Skip navigation

Calls to Action

Autism Speaks and Cure Autism Now Applaud Presidential Signing of the Combating Autism Act

Landmark Legislation Authorizes Nearly $1 Billion in Autism Funding

(NEW YORK, NY – December 20, 2006) – Leadership of Cure Autism Now and Autism Speaks, nonprofit organizations dedicated to increasing awareness of autism and raising money to fund autism research, today applauded President Bush's signing of the landmark Combating Autism Act of 2006 (S. 843). The bill – which has the support of all major autism advocacy groups -- authorizes nearly $1 billion over the next five years to combat autism through research, screening, early detection and early intervention. The new legislation will increase federal spending on autism by at least fifty percent. It includes provisions relating to the diagnosis and treatment of persons with Autism Spectrum Disorders, and expands and intensifies biomedical research on autism, including an essential focus on possible environmental causes. Autism is now diagnosed in 1 in 166 children, according to the Centers for Disease Control.

“The Combating Autism Act represents a critical and hard-fought victory for the autism community, and yet much of the toughest work is still to come during next year's appropriations process,” said Bob Wright, co-founder of Autism Speaks and Chairman and CEO of NBC Universal. “We must continue to be collaborative and relentless in our efforts to ensure that this historic commitment is fulfilled.”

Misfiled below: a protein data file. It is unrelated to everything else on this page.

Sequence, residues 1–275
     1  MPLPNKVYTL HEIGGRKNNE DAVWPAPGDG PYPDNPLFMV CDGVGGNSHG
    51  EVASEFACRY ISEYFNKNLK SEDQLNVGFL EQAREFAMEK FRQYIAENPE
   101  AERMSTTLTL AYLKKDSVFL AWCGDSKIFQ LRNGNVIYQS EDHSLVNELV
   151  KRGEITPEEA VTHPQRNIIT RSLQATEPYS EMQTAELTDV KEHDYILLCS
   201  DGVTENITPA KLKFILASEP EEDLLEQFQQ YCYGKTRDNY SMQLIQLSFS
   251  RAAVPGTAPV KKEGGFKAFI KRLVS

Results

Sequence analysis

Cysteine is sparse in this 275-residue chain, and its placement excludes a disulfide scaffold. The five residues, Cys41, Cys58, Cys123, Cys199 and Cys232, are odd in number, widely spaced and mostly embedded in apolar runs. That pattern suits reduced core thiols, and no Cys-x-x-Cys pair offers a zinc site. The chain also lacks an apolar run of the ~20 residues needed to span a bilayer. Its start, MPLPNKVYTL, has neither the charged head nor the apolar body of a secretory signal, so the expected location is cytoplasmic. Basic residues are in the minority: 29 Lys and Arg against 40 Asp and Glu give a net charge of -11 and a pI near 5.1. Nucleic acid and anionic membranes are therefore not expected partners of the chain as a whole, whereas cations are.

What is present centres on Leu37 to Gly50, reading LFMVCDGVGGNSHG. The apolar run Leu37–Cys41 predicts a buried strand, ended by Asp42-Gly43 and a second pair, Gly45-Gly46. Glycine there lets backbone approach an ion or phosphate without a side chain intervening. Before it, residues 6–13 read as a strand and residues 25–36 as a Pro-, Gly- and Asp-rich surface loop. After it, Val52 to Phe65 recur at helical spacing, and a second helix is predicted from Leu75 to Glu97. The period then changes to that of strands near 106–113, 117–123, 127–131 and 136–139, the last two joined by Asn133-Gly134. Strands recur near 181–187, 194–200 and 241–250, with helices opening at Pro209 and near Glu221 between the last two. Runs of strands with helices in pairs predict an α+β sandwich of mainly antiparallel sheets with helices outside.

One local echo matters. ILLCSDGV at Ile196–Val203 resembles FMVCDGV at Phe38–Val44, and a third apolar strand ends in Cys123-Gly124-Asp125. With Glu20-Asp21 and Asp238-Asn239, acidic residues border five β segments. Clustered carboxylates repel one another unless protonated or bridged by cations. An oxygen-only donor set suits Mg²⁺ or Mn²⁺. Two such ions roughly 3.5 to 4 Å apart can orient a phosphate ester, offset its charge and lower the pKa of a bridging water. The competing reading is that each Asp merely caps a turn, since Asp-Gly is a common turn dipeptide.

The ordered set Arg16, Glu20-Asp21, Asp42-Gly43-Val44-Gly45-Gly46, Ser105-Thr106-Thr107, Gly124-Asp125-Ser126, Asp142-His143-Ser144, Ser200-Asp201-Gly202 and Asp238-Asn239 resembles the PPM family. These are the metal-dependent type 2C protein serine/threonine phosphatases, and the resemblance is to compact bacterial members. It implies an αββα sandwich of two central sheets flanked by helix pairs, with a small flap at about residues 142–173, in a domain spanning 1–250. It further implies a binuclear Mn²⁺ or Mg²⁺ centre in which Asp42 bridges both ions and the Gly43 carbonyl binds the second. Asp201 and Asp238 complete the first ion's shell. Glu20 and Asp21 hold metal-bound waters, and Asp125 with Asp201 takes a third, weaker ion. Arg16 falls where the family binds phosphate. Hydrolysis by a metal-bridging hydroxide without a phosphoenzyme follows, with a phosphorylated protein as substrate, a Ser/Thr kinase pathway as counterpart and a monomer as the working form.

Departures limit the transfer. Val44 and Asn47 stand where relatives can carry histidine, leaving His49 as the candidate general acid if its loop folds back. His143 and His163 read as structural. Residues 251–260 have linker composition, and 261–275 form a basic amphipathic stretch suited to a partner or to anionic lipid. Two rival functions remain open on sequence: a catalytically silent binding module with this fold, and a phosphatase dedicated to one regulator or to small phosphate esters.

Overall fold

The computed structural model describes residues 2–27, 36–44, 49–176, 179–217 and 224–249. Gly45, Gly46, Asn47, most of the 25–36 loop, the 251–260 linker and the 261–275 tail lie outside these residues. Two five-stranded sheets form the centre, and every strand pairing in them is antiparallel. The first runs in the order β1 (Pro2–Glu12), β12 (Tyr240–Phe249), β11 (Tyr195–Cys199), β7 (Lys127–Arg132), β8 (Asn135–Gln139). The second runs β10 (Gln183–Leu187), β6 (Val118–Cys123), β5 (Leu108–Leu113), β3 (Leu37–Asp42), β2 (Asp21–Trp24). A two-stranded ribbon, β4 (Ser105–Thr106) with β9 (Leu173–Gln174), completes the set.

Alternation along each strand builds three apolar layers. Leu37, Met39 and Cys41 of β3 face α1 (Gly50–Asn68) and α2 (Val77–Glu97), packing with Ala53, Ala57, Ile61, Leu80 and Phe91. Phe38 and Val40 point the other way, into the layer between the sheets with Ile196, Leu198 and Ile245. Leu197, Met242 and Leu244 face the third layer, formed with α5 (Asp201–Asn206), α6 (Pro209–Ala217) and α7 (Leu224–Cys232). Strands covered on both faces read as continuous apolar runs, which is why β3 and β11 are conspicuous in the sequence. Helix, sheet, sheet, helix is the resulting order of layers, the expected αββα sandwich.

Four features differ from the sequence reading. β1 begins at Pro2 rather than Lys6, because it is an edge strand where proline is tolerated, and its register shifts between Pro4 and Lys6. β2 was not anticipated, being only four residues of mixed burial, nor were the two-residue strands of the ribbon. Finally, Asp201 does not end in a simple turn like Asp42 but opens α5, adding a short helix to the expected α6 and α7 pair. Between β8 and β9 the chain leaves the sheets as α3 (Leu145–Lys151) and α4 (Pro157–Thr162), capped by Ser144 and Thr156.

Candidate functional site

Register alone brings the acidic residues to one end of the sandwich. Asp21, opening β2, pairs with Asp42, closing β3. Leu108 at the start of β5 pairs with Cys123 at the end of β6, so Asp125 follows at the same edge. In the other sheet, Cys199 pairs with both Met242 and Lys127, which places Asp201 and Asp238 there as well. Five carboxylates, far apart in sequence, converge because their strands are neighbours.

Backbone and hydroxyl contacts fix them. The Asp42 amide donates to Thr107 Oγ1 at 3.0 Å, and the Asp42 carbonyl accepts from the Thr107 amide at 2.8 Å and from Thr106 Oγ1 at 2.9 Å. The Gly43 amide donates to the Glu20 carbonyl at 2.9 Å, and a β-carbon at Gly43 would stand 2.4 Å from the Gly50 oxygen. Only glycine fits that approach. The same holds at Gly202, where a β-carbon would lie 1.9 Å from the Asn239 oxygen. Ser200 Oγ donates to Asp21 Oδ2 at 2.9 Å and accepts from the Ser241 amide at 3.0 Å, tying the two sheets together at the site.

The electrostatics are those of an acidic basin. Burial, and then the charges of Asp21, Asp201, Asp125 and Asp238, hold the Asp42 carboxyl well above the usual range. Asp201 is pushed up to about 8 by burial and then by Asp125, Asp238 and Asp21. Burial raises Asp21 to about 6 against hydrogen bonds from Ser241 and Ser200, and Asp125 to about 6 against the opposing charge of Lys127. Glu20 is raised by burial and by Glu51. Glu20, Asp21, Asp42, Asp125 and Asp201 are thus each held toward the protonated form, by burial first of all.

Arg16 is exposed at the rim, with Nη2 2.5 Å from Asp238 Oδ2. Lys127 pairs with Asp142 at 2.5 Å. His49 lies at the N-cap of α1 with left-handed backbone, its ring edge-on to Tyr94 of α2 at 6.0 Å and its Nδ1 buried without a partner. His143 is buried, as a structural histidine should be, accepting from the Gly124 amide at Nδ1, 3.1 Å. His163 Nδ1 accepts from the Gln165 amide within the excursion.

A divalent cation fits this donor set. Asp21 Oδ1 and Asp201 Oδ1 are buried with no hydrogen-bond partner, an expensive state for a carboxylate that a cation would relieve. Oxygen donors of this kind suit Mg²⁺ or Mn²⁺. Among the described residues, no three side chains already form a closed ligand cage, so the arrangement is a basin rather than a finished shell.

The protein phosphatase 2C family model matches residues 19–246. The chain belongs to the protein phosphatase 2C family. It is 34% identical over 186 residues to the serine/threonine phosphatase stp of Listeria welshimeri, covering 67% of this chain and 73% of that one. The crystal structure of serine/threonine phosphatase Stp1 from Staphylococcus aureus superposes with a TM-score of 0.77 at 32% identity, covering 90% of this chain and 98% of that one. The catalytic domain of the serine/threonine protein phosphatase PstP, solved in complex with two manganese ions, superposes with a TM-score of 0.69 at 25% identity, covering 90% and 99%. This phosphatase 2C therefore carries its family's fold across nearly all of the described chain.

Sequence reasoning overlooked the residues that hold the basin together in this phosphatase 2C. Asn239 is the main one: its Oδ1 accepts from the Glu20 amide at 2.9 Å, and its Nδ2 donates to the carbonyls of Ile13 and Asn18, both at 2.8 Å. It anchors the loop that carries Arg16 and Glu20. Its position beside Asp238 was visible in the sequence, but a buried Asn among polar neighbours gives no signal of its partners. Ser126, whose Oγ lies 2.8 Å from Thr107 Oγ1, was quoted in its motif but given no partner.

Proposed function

“The campaign to enact the Combating Autism Act worked because it was bipartisan in the truest sense of the word, as our political leaders put the interests of individuals and families impacted by autism above all else,” said Jon Shestack, co-founder of Cure Autism Now. “As the prevalence of autism grows, the odds are that every American will know a family who will directly benefit from the programs and research made possible by this legislation.”

The Combating Autism Act was signed into law by President Bush this morning. The bill was sponsored by Senators Rick Santorum (R-PA) and Christopher Dodd (D-CT). The House version was brought to the House floor by Congressman Joe Barton (R-TX), Chair of the House Committee on Energy and Commerce. A companion bill was originally introduced in the House of Representatives by Congresswomen Mary Bono (R-CA) and Diana DeGette (D-CO).

ABOUT AUTISM
Autism is a complex brain disorder that inhibits a person's ability to communicate and develop social relationships, and is often accompanied by extreme behavioral challenges. Autism Spectrum Disorders are diagnosed in one in 166 children in the United States, affecting four times as many boys as girls. The diagnosis of autism has increased tenfold in the last decade. The Centers for Disease Control and Prevention have called autism a national public health crisis whose cause and cure remain unknown.

ABOUT AUTISM SPEAKS AND CURE AUTISM NOW
Autism Speaks and Cure Autism Now are dedicated to increasing awareness of the growing autism epidemic and to raising money to fund scientists who are searching for a cure. Cure Autism Now was founded in 1995 by Jonathan Shestack and Portia Iversen, parents of a child with autism. Autism Speaks was founded in February 2005 by Suzanne and Bob Wright, grandparents of a child with autism. Bob Wright is Vice Chairman and Executive Officer, General Electric, and Chairman and CEO, NBC Universal. Autism Speaks and Cure Autism Now (CAN) recently announced plans to combine operations, bringing together the two leading organizations dedicated to accelerating and funding biomedical research into the causes, prevention, treatments and cure for Autism Spectrum Disorders; to increasing awareness of the nation's fastest-growing developmental disorder; and to advocating for the needs of affected families. Together the organizations have awarded autism research grants valued at more than 80 million dollars. To learn more about Autism Speaks, please visit www.autismspeaks.org. To learn more about Cure Autism Now, please visit www.cureautismnow.org.